II. GOD'S PURPOSE FOR CHRISTIANS IS THAT THEY SHOULD BE SPECIMENS AND BEGINNINGS OF A GREAT HARVEST. The sheaf that was carried into the temple showed what sun and rain and the sweet skyey influences had been able to do on a foot or two of ground, and it prophesied of the acres of golden grain that would one day be garnered in the barns. And so, Christian men and women to-day, and even more eminently at that time when this letter was written, are meant to be the first small example of a great harvest that is to follow. If Christianity has been able to take one man, pick him out of the mud and the mire of sense and self, and turn him into a partially and increasingly consecrated servant of God, it can do that for anybody. "We have all of us one human heart." Whatever may be man's idiosyncrasies or diversities of culture, of character, of condition, of climate, of chronology, they have all the same deep primary wants, and the deepest of them all is concord and fellowship with God. And the path to that is by faith in His dear Son, who has given Himself for us. What a harvest is dimly hinted at in these words of my text; the "first-fruits of His creatures." That goes even wider than humanity, and stretches away out into the dim distances, concerning which we can speak with but bated breath; but at least it seems to suggest to us that, in accordance with other teaching of the New Testament, "the whole creation" which "groaneth and travaileth together in pain until now," will, somehow or other, be brought into the liberty and the glory of the children of God, and, as humble waiters and attenders upon the kings who are the priests of the Most High, will participate in the power of the redemption. At all events, there gleam dimly through such words as my text, the great prospects of a redeemed humanity, of a renewed earth, of a sinless universe, in which God in Christ shall be all in all.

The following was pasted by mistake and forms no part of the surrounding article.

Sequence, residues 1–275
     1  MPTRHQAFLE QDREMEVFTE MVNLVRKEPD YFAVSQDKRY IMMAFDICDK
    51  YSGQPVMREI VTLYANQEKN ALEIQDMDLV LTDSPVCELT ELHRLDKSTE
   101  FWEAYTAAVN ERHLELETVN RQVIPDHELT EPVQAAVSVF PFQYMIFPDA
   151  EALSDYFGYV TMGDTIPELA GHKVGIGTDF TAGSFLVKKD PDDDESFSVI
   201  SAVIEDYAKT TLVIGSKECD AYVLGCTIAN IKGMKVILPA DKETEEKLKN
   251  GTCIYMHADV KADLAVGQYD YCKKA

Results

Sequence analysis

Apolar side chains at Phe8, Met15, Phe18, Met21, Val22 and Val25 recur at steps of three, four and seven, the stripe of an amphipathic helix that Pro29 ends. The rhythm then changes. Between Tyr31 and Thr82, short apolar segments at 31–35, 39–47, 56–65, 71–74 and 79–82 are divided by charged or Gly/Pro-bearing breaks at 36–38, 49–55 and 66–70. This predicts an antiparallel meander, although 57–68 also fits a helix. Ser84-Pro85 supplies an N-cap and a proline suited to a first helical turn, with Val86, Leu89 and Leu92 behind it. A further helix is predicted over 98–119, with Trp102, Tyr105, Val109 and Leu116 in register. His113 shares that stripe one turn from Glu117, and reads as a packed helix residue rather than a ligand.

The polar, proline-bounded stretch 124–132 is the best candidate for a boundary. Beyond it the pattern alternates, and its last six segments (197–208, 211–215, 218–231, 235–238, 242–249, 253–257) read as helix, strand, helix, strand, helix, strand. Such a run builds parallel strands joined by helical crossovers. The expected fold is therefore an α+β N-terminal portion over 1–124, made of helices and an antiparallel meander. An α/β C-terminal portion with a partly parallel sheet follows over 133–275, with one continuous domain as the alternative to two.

III. GOD'S PURPOSE FOR CHRISTIANS IS THAT THEY SHOULD HELP THE HARVEST. That does not lie in the Levitical ceremonial of the sheaf of the first-fruits, of course. Though even there, I may remind you, that the thing presented on the altar carried in itself the possibilities of future growth, and that the wheaten ear has not only "bread for the eater, but seed for the sower," and is the parent of another harvest. But the idea that the first-fruits are not merely first in a series, but that they originate the series of which they are the first, lies in the transference of the terms and the ideas to Jesus Christ; for when He is called "the first-fruits of them that slept," it is implied that He, by His power, will wake the whole multitude of the sleepers; and when it speaks of Him as "the first-born among many brethren," it is implied that He, by the communication of His life, will give life, and a fraternal life, to the many brethren who will follow Him. And so, in like manner, God's purpose in making us "a kind of first-fruits of His creatures," is not merely our consecration and the exhibition of a specimen of His power, and the pledge and prophecy of the harvest, but it is that from us there shall come influences which shall realise the harvest of which our own Christianity is the pledge and prophecy. What do you get Christ for? To feed upon Him? Yes! But to carry the bread to all the hungry as well. Do not say you cannot. You can talk about anything that interests you. And are your lips to be always closed about Him who have given Himself for you? Do not say that you need special gifts for it. Any man and any woman that has Christ in his or her heart can go to another and say, "We have found the Messiah"; and that is the best thing to say. You ought to preach Him. To have anything in this world of needy men who are all knit together in the solidarity of one family — to have anything implies that you impart it. The corn laid up in storehouses gets gnawed by rats, and marred by weevils. If you want it to be healthy, and you own possession of it to increase, put it into your seed-basket; and "in the morning sow thy seed, and in the evening withhold not thy hand," and it will come back to thee, "seed for the sower and bread for the eater."

(A. Maclaren, D. D.)

Parallel Verses
KJV: Of his own will begat he us with the word of truth, that we should be a kind of firstfruits of his creatures.

WEB: Of his own will he brought us forth by the word of truth, that we should be a kind of first fruits of his creatures.

An Address to the Regenerate, Founded on the Preceding Discourses